Although the time during the holidays is typically referred to from a marketing perspective as the “holiday doldrums,” demand for corn has remained strong as the holiday season approached.
“Demand continues to stay fairly strong for corn,” said Randy Martinson, Martinson Ag Risk Management, Fargo, N.D., on Dec. 8, adding that Mexico and China have been the primary buyers of late. “We have seen some robust sales. Shipments have been a little bit slower than we’d like to see, but that’s still a function of tremendously large soybean shipments, which we’re getting caught up with on the sales side. I think we’ll start to see more corn start to leave our ports here in the short-term, but demand continues to be strong.”
Martinson said the expectation in the market is that China is still going to continue to need to buy aggressively in the corn market because of their shorter production and also because of their increased demand for feed due to the increase in their hogs, poultry and aquaculture.
“The idea is that we’re going to continue to see strong demand for corn, so we are seeing decent exports,” he said.
However, on the flip side, he pointed out that growing conditions are improving in South America with rain across large regions and continuing to fall.
“They’re starting to get some rain in central Brazil, which is helping the crop,” he said. “The southern regions continue to be a little on the dry side and haven’t been getting the rains. And Argentina has been dry and that is being somewhat supportive in limiting the losses in the market.
“But at this point we are kind of sitting on our hands,” he continued. “The only thing the U.S. has got to look forward to in the short-term is demand, as we are in the holiday doldrums already and then watching South American weather.”
At the time of this interview, Martinson was anticipating the next supply and demand report from USDA that was to be released on Dec. 10, but he wasn’t expecting much in the way of market moving news.
“I’m not expecting that we’re going to see a lot of news for corn because USDA was so aggressive in making adjustments in November to corn,” he said. “I’m not looking for much out of this report. There will be no adjustments to the supply side. USDA isn’t going to want to take their thunder away from their January final crop production estimate. We won’t see any adjustments to that side, but we’ll see maybe a little bit of tweaking on the demand side, which isn’t going to be much because of how aggressive USDA was last month.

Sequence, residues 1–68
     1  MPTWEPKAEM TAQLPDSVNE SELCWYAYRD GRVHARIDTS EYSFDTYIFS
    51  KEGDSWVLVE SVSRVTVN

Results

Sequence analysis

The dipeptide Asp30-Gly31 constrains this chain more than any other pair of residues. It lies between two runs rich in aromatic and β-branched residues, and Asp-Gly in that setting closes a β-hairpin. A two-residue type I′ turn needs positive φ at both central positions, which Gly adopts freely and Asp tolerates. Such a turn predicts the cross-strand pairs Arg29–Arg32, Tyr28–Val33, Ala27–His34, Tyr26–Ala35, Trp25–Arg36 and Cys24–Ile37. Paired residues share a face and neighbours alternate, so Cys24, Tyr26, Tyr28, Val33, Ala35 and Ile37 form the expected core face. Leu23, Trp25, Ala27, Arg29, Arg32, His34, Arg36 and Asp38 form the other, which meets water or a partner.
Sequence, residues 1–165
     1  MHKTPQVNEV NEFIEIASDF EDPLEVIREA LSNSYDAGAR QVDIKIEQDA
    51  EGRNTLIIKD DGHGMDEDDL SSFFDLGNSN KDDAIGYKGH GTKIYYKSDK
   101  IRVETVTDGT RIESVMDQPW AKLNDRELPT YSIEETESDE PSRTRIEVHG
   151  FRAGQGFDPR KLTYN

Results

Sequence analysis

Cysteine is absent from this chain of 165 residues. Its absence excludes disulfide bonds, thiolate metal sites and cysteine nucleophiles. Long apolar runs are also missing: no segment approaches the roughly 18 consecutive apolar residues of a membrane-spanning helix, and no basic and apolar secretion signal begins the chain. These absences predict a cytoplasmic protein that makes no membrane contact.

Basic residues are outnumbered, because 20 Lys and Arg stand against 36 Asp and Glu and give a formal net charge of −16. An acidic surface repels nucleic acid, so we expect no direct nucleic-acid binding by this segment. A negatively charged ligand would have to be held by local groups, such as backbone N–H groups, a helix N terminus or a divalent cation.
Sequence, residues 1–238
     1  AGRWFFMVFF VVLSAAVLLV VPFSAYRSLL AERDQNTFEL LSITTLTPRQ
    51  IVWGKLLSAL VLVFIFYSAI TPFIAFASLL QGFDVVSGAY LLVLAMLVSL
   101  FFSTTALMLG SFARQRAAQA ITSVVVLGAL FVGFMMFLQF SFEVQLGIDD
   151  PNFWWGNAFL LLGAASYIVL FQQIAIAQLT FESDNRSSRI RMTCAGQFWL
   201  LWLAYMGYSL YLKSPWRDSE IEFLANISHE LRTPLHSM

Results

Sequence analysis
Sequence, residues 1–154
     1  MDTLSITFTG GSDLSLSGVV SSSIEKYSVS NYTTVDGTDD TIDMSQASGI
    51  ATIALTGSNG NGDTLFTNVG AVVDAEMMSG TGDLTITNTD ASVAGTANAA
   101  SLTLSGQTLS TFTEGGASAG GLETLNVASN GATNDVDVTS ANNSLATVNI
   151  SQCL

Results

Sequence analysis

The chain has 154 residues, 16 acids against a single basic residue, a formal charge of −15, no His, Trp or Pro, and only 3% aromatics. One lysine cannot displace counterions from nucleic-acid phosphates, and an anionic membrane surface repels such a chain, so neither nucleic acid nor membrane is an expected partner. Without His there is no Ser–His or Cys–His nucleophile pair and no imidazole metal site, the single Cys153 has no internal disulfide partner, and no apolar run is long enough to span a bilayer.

“We’re not looking for a lot out of that. We’re really just focusing on export demand in the U.S. and the weather and potential production issues in South America,” he added.
Looking at the ethanol industry, Martinson felt it was “doing okay.” Ethanol production is back up again and doing “decent.”
The issue hanging over the industry is the coronavirus pandemic. If COVID-19 continues to expand as it has been doing over the past several weeks, there is growing concern that travel would diminish and ethanol stocks would build up.
“We’re a little bit concerned because of the potential of building stocks more than expected and slowing down plants,” Martinson said. “So the vaccine is going to help tremendously because once we can start getting the population vaccinated....we’re going to start seeing more return to normal, more travel and I think that will help ethanol in the first quarter of 2021.”
He did caution that things could be a little sluggish in the short-term as parts of the country see more lockdowns if there are more surges in cases.
At present though, prices are holding decent.
“Right now, we are seeing some aggressive basis bids out there as end-users try to encourage product movement,” he said. “Ethanol plants seem to have come alive a little recently to try to get product. It’s like they realize, ‘Yes, we are going to be in business, and yes, we need corn to make ethanol. So yeah, we need to get the product.’ I think that if we get winter that’s only going to help improve the potential for basis because as soon as we start getting snow and cold weather, that’s going to somewhat slow down movement of grain.”
Corn prices overall remained in the upper $3 range. At one local elevator in west central Minnesota regularly followed in this column, as of Dec. 9, the December price for corn was $3.89 and basis was -33 cents under. The April 2021 futures price was listed at $4.25 and basis was plus 2 cents.
Although prices have improved over the past few weeks, Martinson said he has been advising producers to be patient when it comes to marketing their corn.
“We’re seeing the holiday doldrums, some of our year-end positioning, and after the first of the year I expect that we’ll see things recover and we could possibly see a pretty good push back in these markets,” he said. “That’s when we’ll want to be re-entering into the marketing side of things. But for now, be patient and let’s wait until after the first of the year.”